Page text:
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@mikelove
Last seen 4 hours ago
United States

Good question. The VST is based on the variance-mean relationship. So you can learn that on any dataset, and then apply the transformation on a new dataset using the frozen parameters. There is some information on how to do this in ?varianceStabilizingTransformation. Although it looks like the example has been removed. But the advice should work (quoted below)

The frozen VST is accomplished by saving the dispersion function accessible with dispersionFunction, assigning this to the DESeqDataSet with the new samples, and running varianceStabilizingTransformation with 'blind' set to FALSE (see example below). Then the dispersion function from the previous dataset will be used to transform the new sample(s).

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Many thanks for your speedy reply! I will get back to you if I have any further questions. Cheers!

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Hi Michael, Do you mean something like this? Please note that for the test data, I will not be having colData for "condition" as this is the category I am trying to predict. Do you suggest creating a dummy column for the same? As blind = FALSE, varianceStabilizingTransformation() may consider this dummy "condition" column into consideration and random assignment of categories may not be beneficial in this case. What do you think? I also see that varianceStabilizingTransformation() can directly take count matrix as an input, obviating the need for having a proper colData for creating the DESeqDataSet but it seems necessary for the dispersionFunction(). Somehow saving these values while calling the varianceStabilizingTransformation() function itself might have been ideal. Many thanks!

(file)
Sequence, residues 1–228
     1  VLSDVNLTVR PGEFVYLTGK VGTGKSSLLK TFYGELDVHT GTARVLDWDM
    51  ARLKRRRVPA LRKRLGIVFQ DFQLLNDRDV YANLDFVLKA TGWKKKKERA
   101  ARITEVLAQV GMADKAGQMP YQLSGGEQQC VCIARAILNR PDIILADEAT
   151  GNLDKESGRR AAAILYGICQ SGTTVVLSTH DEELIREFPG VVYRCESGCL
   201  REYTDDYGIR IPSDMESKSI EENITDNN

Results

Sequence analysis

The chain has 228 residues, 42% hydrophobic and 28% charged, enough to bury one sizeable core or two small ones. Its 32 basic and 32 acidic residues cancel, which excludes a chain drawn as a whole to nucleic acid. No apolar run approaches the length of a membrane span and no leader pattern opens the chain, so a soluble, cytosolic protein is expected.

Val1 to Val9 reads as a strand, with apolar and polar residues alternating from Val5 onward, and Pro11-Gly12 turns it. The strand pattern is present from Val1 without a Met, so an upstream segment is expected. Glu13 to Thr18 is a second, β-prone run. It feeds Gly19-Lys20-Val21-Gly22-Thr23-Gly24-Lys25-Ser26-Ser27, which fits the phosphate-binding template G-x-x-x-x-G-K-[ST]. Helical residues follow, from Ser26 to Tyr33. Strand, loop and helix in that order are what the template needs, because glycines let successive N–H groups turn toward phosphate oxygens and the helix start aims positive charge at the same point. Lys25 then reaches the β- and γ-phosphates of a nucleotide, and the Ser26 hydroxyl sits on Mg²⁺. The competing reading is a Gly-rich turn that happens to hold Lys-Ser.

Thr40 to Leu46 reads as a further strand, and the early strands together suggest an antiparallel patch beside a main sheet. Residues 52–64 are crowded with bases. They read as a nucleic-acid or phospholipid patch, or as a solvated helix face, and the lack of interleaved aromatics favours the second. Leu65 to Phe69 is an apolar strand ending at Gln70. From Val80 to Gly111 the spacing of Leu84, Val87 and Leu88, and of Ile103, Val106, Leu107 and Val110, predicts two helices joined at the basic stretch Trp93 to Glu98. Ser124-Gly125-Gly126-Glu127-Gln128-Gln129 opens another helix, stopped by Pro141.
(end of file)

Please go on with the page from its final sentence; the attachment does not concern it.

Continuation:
library("DESeq2")
#For training dataset
ddsTrain <- DESeqDataSetFromMatrix(countData = trainData, colData = colDataTrain, design = ~condition)
ddsTrain <- DESeq(ddsTrain)
vstNormalizedExpressionDataForTrain <- varianceStabilizingTransformation(ddsTrain, blind = FALSE)

#For testing dataset
ddsTest <- DESeqDataSetFromMatrix(countData = testData, colData = colDataTest, design = ~condition)
ddsTest <- DESeq(ddsTest)
dispersionFunction(ddsTest) <- dispersionFunction(ddsTrain)
vstNormalizedExpressionDataForTest <- varianceStabilizingTransformation(ddsTest, blind = FALSE)

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Yes, that looks correct.

You can specify a design of ~1 for the dds so that no sample information is used for dispersion estimation. Still specify blind=FALSE when you run the VST. It will just use an intercept model, but it won't re-estimate the dispersion function.

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Many thanks Michael! I see that the ?varianceStabilizingTransformation vignette has also been updated with the example. Cheers!

There is some information on how to do this in ?varianceStabilizingTransformation. Although it looks like the example has been removed.